Will this Official Plan Do the Job?

FOR IMMEDIATE RELEASE: Members of the People's Official Plan (POP) alliance answer the question, Will this Official Plan do the job?

 

 

 

October 5, 2021 

OTTAWA - The New Official Plan promises to transform Ottawa into “one of the most liveable  mid-sized cities in North America.” Councillors and residents now have one last chance to see  if the plan put forward by City of Ottawa staff can do the job. The People’s Official Plan (POP)  - an informal alliance of organizations and people focused on bringing greater urgency and  ambition on climate and social justice issues to the development of Ottawa’s Official plan, thinks this version cannot. 

 

The draft will be tabled at the Joint Meeting of Planning Committee and Agriculture Rural  Affairs Committee on October 14 and then voted on by full Council on October 27. This week,  POP is calling on councillors and residents to push for motions at the upcoming council  meetings that will increase our chances of making Ottawa an inclusive, affordable, and liveable  city for all. We have created over 200 pages of policy analysis, mobilized hundreds of residents through workshops and campaigns, and surveyed and lobbied Councillors across the city. Draft motions developed by POP members are presented at ottawaclimatesolutions.net 

Liveable for who?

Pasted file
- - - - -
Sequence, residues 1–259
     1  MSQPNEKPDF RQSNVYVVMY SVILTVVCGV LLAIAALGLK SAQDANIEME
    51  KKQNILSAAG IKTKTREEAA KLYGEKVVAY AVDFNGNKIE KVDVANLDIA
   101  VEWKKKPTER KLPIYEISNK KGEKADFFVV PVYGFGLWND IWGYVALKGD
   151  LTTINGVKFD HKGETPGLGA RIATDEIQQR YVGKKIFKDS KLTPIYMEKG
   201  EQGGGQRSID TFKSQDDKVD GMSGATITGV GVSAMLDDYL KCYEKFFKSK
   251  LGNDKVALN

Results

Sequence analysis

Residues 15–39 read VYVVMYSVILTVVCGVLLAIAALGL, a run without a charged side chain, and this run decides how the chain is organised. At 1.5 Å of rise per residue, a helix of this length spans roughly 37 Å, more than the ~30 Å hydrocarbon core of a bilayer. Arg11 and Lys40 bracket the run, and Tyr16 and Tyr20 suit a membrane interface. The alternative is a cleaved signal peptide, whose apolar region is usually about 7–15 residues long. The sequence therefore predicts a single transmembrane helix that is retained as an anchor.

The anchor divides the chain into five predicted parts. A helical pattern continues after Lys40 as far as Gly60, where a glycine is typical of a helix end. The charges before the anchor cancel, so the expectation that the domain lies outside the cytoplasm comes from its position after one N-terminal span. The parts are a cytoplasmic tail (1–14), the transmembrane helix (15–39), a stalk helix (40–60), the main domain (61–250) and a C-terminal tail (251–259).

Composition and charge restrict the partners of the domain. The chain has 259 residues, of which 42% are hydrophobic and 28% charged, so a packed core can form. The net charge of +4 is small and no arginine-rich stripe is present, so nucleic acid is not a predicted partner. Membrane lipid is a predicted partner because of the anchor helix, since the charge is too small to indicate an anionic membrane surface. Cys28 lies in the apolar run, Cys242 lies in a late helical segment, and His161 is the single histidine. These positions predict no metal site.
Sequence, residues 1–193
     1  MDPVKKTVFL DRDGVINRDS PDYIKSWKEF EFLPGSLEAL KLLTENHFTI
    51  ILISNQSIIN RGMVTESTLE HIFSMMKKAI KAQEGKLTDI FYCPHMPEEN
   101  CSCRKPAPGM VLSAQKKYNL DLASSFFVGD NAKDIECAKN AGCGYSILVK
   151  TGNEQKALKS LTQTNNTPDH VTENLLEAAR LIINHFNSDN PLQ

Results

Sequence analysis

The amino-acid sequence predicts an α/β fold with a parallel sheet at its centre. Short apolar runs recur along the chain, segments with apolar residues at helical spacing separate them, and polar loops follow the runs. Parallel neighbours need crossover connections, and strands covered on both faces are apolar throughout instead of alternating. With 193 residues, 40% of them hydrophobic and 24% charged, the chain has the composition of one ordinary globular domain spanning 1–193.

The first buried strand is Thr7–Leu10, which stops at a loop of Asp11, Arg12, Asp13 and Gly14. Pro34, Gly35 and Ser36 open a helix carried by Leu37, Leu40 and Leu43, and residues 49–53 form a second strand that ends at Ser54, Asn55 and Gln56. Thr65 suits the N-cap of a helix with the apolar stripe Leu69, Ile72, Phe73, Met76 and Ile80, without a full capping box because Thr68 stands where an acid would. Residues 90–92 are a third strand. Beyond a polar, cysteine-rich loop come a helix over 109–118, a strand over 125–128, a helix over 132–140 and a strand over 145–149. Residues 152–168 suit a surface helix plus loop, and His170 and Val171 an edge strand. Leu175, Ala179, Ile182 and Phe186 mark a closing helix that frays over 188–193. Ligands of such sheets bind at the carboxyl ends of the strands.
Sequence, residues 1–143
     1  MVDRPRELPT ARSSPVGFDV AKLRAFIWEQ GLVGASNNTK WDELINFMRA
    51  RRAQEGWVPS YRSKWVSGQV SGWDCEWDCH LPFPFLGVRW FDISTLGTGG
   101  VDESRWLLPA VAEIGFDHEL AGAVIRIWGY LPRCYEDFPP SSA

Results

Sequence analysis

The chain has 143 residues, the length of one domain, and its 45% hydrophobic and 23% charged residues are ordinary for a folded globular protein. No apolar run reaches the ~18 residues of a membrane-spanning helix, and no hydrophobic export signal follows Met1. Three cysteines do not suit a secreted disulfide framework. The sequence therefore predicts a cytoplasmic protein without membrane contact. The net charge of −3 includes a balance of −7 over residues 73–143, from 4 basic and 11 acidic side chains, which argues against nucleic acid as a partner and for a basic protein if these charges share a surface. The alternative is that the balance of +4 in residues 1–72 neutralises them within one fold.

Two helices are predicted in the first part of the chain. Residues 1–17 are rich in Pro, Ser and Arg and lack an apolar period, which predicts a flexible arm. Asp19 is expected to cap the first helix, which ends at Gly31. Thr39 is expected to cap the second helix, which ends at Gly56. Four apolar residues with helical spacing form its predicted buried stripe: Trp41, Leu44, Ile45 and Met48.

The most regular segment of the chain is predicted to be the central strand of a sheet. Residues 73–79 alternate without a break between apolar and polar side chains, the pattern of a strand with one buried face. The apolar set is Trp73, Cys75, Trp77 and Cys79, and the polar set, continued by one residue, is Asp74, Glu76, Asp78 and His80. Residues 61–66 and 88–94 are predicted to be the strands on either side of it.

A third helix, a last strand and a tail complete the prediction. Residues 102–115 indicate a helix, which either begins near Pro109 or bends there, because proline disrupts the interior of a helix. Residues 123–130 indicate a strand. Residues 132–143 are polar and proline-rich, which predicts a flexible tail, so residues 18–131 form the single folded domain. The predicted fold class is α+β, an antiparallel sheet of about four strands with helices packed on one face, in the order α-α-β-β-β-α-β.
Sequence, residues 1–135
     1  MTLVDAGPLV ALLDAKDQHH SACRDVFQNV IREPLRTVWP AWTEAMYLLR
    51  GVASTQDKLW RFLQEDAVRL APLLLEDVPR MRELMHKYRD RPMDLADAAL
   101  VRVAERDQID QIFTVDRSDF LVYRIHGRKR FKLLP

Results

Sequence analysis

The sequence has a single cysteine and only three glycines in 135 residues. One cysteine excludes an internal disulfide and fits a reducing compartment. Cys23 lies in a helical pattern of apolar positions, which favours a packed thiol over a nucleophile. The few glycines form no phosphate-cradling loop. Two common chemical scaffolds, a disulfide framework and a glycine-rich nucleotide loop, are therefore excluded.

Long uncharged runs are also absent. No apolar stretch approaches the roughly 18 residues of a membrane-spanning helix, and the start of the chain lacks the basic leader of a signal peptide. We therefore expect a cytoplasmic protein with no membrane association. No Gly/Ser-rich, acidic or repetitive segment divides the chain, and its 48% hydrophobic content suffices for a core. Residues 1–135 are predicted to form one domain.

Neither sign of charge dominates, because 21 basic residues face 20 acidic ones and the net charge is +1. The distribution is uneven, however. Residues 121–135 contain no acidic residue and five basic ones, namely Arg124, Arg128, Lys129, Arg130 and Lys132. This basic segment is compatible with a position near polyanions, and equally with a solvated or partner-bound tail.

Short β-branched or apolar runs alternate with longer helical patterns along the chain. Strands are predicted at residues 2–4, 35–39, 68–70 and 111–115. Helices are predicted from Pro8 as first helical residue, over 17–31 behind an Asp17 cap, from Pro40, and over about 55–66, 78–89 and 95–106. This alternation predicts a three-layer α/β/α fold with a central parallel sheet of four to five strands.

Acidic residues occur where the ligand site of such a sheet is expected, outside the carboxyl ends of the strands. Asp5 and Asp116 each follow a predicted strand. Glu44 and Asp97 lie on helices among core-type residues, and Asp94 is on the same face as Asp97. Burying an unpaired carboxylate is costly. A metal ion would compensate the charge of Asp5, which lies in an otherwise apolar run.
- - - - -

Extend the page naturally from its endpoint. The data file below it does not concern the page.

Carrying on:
“Ottawa needs a plan that includes a strong understanding of social justice, with goals and  assessments that are specific and action-oriented” says Lucia Morales of the City for All Women  Initiative (CAWI). “That means reconciliation with Anishinabeg and other indigenous peoples,  racial equity, equity for people with disabilities and equity for women and gender diverse  individuals. It also means understanding how these factors combine in individuals and  communities to create different experiences of discrimination and privilege.” 

A City of Towers, Corridors and Cars, or a City of Walkable Neighbourhoods? 

“Our Official Plan needs to provide a framework for the renewal of our neighbourhoods, with  low-rise “missing middle” infill housing. Infill should enhance the valued characteristics of  neighbourhoods and must be balanced with a transition to delightfully walkable and complete  communities” says local architect and Walkable Ottawa’s lead animator Rosaline Hill. “Our  neighbourhoods hold the key to addressing climate and housing emergencies through  thoughtful, balanced and contextually appropriate growth. The Official Plan doesn't yet provide  clear direction for walkable neighbourhoods.”

Is a Shelter a Home? 

“Affordability means different things for different people” notes Laura Shantz of the City for All  Women Initiative (CAWI). “We need to create an affordable housing supply with a variety of  dwelling options for different household types, which prioritizes deeply affordable housing for  lower-income families and individuals to address the City’s housing and homelessness  emergency. This would be in keeping with efforts to achieve the right to adequate housing by  2046 and to eliminate chronic homelessness by 2030.” 

Can we Live in an Urban Desert?